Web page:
Events & Regional Culture
Events are one of the things that help build the culture of a region.
A pretty smart tech guy once told me that part of the reason he moved to Appleton, Wisconsin, USA, was because of the weekly tech meeting I helped start. He said something to the effect that he figured there must be a decent amount of tech stuff going on, or we wouldn’t have done a weekly tech meeting for years and wouldn’t have had a long term blog related to the tech meeting.
He had other reasons for moving to this area, too, but the tech meetings and tech blog did have an influence on his perception of the area.
Yesterday’s post raised the question of what the value of events are and whether people are using their time wisely by participating in events. Because events help build a region’s culture, having a variety of tech and entrepreneurial events appear to have value directly related to the following article I read today.
Digital Nomad Discretion On Where To Live
“The Case for Working in Silicon Valley and Living in the Rust Belt,” suggests that ultra-high housing costs in Silicon Valley (which can also be seen in other large cities with major tech hubs) may be causing an increasing number of tech workers to move to other areas with a high quality of life but much lower housing costs.
“A new wave of tech workers is house hunting in Middle America. When software engineer Eric Anderle and his wife, Rachel, decided they were tired of renting and wanted to buy, they quickly realized that any place in their neighborhood—San Francisco’s spiffy NoPa district—would be out of reach. Rather than look in surrounding towns or across the bay to Oakland, the 25-year-olds staged an escape. Last fall they moved into a four-bedroom house an hour south of Grand Rapids, Mich. The monthly mortgage payment on their 3,000-square-foot home there is about the same as the rent on the couple’s old 600-square-foot apartment. Best of all, Anderle didn’t have to give up his sweet Silicon Valley gig at Twilio. He persuaded the cloud communications company to let him not only work but also live remotely…”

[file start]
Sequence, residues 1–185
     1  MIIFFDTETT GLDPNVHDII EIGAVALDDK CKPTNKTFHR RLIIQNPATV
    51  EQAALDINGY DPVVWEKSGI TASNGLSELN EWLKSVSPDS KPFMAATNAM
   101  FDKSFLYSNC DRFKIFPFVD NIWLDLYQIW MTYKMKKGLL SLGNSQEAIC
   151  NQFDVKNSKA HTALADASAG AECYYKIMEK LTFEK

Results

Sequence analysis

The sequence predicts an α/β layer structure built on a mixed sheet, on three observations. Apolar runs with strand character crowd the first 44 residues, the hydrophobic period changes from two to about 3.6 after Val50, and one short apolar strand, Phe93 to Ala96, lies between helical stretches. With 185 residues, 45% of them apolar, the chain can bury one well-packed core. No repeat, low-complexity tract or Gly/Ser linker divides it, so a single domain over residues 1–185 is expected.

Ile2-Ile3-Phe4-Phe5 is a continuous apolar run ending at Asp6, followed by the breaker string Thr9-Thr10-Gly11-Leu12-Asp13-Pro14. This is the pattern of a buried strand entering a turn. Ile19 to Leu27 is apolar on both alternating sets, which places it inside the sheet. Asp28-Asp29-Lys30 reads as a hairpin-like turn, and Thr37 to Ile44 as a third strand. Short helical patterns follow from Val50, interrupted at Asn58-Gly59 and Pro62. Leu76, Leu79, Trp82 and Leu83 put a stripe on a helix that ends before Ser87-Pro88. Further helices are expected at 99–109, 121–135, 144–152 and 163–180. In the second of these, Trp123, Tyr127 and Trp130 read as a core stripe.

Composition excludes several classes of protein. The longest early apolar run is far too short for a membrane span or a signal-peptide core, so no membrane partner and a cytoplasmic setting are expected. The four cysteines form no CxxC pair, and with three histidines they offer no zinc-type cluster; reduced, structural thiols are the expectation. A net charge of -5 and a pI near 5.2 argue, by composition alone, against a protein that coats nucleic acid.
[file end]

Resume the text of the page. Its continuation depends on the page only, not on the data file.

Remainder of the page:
Although America and the rest of the world are still in the very early stages of learning how to effectively work remotely or in distributed teams, this mode of work will be much more common twenty years from now. An increasingly large sector of the workforce will have the option to live hundreds or thousands of miles from their employer’s headquarters or legal address. Greater freedom to choose the location of a primary residence means other factors become more important than employer location, including
- Housing costs.
- Other cost-of-living factors.
- Quality of Life.
- Family / relatives.
- Regional culture.
If people in a region want to work to make their area more appealing to remote and distributed workers, especially ones with high-paying jobs, they can’t do much to change the climate or where relatives live. Probably the easiest thing to work on is making the culture of the area appealing to those highly mobile workers. Tech workers, especially digital nomads, will judge the culture of an area in many ways, but an important factor will be what type of presence technology and entrepreneurism have in the region.
Does Your Region Support Tech & Entrepreneurial Events?
It’s not that expensive or difficult to have a good variety of events for like-minded people in a region. A typical starting point is participant-driven informal events like those found through Meetup.com, with the cost for using the site’s name and services covered by meeting registration fees or an event sponsor.
There can be a wide variety of more organized events focused on building the culture of the region if:
- Someone is available and willing to organize and promote events.
- Regional or national companies and organizations support the events.
- Local media provide publicity and visibility for events and the community of like-minded people.
- Appropriate venues are available for groups events.
If you want a better tech culture in your area and you’re a civic leader, an executive or decision-maker at a local company or organizations, or a highly influential person in your region, do you feel tech events help improve the culture of your region?
If the answer is yes, what are YOU doing to support more or better tech events?